Coughlan, S. (2020). Digital poverty in schools where few have laptops. BBC News – Family and Education. Retrieved from https://www.bbc.com/news/education-52399589
Day, L. (2013). Bridging the new digital divide. Edutopia – Technology Integration [Blog]. Retrieved from https://www.edutopia.org/blog/bridging-the-new-digital-divide-lori-day
Duffy, C. (2020). Coronavirus opens up Australia’s digital divide with many school students left behind. ABC News. Retrieved from https://www.abc.net.au/news/2020-05-12/coronavirus-covid19-remote-learning-students-digital-divide/12234454
Education Magazine. (2020). What is the digital divide and how is it impacting the education sector? The Education Magazine [blog]. Retrieved from https://www.theeducationmagazine.com/word-art/digital-divide-impacting-education-sector/
Frawley, J. (2017). The myth of the digital native. Teaching @ Sydney [blog]. University of Sydney. Retrieved from https://educational-innovation.sydney.edu.au/teaching@sydney/digital-native-myth/
Hiefield, M. (2018). Family tech nights can narrow the digital divide. E-School News. Retrieved from https://www.eschoolnews.com/2018/11/21/family-tech-nights-can-narrow-the-digital-divide/
Hopper, E. (2020). Maslow’s hierarchy of needs. ThoughtCo. Retrieved from https://www.thoughtco.com/maslows-hierarchy-of-needs-4582571
Kirschner, P., & De Bruyckere, P. (2017). The myths of the digital native and the multitasker. Teaching and Teacher Education 67, p.135-14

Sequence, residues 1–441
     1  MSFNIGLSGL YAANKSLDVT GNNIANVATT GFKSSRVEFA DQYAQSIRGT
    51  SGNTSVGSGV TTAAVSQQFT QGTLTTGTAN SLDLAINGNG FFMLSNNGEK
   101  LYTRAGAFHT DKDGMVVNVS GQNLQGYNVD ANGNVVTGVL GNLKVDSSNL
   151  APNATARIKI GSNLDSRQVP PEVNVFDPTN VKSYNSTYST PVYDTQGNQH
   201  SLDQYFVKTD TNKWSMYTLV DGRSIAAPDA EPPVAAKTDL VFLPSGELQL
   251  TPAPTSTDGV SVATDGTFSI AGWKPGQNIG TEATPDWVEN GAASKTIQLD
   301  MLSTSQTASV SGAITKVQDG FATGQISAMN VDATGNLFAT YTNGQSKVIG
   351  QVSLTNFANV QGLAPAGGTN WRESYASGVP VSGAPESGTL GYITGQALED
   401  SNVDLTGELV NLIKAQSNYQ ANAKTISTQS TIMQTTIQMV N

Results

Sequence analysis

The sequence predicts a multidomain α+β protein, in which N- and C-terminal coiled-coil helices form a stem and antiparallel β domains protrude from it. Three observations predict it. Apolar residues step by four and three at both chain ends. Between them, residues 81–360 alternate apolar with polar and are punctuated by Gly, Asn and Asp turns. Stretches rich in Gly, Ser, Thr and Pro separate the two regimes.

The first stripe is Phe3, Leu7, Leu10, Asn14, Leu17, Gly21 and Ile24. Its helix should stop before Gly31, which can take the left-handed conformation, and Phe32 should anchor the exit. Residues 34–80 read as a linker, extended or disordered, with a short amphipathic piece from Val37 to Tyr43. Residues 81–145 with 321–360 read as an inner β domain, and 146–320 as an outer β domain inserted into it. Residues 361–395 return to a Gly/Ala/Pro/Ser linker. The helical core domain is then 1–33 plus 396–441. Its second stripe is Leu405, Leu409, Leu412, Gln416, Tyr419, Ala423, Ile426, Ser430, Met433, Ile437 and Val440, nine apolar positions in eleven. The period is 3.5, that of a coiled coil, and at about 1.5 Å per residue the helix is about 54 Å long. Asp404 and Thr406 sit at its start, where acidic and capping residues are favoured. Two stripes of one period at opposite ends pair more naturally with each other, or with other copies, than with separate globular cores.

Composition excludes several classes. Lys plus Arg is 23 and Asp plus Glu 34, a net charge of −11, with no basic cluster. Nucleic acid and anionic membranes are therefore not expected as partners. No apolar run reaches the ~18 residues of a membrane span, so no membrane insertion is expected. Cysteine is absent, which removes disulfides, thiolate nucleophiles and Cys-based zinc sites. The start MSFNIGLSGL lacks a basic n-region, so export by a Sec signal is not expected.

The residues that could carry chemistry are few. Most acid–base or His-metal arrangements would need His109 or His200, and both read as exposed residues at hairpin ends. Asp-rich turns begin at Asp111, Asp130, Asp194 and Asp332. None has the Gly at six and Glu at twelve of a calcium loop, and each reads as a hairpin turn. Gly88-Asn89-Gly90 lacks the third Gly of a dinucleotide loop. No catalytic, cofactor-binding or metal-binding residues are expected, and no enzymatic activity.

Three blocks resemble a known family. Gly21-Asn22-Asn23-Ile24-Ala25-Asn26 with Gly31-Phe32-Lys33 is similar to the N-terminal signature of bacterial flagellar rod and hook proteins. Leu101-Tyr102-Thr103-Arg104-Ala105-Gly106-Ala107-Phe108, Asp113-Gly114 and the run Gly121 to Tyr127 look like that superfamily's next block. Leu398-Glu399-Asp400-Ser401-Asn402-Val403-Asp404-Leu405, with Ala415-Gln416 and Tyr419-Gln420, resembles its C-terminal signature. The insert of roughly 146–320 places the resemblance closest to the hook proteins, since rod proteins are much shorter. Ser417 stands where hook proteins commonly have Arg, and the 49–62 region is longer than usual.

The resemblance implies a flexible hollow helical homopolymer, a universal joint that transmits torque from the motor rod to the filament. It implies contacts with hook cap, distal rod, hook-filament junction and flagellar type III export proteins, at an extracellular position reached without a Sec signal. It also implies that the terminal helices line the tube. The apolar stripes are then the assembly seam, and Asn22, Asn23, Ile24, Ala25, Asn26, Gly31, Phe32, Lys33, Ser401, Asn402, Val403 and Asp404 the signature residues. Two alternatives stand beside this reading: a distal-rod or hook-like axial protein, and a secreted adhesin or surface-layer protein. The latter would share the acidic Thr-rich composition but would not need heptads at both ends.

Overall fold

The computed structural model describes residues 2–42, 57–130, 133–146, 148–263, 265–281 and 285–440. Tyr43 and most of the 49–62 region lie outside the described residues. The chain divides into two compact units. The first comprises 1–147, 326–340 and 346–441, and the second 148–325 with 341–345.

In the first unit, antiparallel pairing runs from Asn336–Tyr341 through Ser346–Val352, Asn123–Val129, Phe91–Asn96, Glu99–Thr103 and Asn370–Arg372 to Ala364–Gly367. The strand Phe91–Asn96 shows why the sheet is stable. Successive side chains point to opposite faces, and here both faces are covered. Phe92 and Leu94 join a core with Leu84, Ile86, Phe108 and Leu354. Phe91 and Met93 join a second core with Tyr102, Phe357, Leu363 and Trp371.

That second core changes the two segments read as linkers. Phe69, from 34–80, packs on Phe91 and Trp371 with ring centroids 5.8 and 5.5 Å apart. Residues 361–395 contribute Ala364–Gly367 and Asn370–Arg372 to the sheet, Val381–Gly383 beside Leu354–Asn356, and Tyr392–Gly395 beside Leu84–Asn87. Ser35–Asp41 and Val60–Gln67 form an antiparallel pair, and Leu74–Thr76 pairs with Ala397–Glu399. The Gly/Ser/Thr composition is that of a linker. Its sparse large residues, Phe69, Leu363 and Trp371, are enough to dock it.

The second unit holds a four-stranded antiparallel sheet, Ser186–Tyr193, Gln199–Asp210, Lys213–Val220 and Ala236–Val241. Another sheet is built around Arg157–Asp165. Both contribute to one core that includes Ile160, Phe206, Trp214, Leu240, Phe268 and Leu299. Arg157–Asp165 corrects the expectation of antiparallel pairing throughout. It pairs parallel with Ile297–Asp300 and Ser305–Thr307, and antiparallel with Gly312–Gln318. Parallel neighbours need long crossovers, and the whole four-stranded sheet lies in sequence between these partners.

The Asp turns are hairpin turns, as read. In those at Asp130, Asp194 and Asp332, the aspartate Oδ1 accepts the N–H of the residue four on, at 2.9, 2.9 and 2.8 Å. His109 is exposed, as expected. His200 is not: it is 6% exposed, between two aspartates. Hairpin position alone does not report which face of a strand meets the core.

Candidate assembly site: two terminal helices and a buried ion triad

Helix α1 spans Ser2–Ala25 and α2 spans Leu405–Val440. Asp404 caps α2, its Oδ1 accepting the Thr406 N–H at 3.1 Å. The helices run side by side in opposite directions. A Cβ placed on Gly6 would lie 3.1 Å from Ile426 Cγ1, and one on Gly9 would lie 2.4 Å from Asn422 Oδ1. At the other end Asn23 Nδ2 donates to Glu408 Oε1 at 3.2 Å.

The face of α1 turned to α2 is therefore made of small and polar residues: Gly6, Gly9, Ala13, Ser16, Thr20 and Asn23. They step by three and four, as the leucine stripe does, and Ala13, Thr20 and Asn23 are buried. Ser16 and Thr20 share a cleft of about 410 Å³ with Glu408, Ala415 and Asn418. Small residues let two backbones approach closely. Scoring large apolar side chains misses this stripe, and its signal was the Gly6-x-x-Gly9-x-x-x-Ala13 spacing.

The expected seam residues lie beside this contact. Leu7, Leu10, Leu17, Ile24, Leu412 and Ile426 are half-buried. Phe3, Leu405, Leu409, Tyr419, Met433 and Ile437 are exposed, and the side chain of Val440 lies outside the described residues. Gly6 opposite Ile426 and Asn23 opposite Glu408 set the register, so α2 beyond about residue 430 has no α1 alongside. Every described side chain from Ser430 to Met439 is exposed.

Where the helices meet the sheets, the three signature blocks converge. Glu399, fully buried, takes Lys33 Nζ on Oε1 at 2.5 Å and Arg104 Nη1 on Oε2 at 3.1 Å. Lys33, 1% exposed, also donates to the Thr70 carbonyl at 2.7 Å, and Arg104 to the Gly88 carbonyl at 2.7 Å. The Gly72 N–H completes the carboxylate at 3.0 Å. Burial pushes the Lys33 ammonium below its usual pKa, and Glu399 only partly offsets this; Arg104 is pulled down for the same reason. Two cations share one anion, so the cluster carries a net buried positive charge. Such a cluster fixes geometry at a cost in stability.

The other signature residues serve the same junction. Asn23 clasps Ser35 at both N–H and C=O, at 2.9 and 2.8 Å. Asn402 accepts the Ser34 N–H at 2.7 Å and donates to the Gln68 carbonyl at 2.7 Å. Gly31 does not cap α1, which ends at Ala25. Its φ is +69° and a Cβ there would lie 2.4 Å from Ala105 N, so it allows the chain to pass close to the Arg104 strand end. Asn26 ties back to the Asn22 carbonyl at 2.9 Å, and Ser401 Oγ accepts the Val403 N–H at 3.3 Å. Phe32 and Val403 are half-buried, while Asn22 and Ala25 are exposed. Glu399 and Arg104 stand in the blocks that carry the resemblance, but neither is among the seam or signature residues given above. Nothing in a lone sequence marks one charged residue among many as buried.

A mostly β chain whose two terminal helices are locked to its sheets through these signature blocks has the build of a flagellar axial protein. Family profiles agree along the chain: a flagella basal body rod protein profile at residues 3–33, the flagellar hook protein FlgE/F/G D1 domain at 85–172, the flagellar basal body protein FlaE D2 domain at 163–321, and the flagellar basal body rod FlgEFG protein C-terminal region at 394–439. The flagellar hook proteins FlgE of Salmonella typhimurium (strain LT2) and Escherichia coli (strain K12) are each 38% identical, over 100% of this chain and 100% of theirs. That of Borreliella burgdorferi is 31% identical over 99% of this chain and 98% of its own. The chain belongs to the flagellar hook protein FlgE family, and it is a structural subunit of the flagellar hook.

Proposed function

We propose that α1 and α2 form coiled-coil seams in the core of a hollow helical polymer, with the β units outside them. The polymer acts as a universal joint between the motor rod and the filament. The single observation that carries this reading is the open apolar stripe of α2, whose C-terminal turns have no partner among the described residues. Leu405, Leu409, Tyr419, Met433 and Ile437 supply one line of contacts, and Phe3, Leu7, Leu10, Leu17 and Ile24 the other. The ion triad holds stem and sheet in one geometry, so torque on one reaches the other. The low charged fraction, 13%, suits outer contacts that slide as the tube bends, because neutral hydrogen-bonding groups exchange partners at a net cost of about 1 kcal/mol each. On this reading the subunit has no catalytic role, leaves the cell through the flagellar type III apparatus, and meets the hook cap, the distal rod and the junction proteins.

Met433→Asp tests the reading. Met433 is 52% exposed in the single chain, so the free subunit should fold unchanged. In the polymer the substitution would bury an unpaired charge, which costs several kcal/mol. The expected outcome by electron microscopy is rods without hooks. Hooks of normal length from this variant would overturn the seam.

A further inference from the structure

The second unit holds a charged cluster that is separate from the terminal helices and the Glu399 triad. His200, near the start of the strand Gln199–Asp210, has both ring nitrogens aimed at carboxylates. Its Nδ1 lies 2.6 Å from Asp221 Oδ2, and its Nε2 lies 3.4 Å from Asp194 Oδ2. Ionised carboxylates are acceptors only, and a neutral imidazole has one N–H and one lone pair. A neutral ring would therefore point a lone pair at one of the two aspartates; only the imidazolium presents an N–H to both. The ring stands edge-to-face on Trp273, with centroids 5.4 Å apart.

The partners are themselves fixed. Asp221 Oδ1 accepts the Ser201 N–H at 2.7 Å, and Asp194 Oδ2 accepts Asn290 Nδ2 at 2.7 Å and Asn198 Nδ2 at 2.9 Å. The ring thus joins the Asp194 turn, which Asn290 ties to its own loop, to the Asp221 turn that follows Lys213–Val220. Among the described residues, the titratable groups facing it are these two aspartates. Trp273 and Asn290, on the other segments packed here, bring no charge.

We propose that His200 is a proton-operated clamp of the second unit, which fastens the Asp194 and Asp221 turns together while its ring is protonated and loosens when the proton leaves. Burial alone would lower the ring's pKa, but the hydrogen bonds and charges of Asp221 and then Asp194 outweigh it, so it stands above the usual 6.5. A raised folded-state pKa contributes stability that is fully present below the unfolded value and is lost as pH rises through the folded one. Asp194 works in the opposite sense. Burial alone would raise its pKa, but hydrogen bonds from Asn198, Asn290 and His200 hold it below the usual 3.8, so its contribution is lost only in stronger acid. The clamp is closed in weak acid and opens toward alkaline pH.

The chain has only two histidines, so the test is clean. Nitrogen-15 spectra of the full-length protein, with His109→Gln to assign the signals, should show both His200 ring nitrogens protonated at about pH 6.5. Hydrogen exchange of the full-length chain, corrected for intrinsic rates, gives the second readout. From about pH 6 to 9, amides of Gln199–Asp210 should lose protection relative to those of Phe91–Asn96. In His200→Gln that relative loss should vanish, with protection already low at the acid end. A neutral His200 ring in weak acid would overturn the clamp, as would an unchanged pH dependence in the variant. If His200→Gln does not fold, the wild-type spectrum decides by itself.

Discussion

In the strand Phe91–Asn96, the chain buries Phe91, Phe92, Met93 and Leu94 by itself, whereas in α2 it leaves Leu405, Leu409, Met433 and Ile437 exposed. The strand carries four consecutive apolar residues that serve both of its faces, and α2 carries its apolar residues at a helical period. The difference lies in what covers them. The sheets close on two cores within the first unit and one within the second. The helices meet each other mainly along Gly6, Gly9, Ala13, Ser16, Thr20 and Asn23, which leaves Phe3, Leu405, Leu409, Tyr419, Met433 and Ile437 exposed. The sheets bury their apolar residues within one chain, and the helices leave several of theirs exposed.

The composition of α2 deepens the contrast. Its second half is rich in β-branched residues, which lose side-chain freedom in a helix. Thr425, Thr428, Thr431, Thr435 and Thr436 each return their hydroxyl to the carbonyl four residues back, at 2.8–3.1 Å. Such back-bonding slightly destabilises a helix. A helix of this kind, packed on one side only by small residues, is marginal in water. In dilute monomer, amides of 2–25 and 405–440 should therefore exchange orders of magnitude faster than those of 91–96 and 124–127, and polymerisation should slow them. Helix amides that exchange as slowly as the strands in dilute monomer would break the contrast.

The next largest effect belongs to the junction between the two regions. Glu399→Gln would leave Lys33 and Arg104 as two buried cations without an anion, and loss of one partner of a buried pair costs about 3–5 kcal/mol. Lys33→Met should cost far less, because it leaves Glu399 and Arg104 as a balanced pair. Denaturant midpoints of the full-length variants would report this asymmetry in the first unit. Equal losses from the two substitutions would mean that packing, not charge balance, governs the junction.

McMahon, M. (2014). Ensuring the development of digital literacy in higher education curricula. ECU Publications. Edith Cowan University. Retrieved from https://ro.ecu.edu.au/cgi/viewcontent.cgi?article=1835&context=ecuworkspost2013
Online Typing.org. (2020). Average typing speed (WPM)[blog]. Retrieved from https://onlinetyping.org/blog/average-typing-speed.php
Sung, K. (2016). What’s lost when kids are under connected to the internet? KQED – Mindshift. Retrieved from https://www.kqed.org/mindshift/43601/whats-lost-when-kids-are-under-connected-to-the-internet
Steele, C. (2018). 5 ways the digital divide effects education. Digital Divide Council. Retrieved from http://www.digitaldividecouncil.com/digital-divide-effects-on-education/
Wolohan, S. (2016). How teachers can provide equal learning in a world of unequal access. EdSurge – Diversity and Equity. Retrieved from https://www.edsurge.com/news/2016-04-13-how-teachers-can-provide-equal-learning-in-a-world-of-unequal-access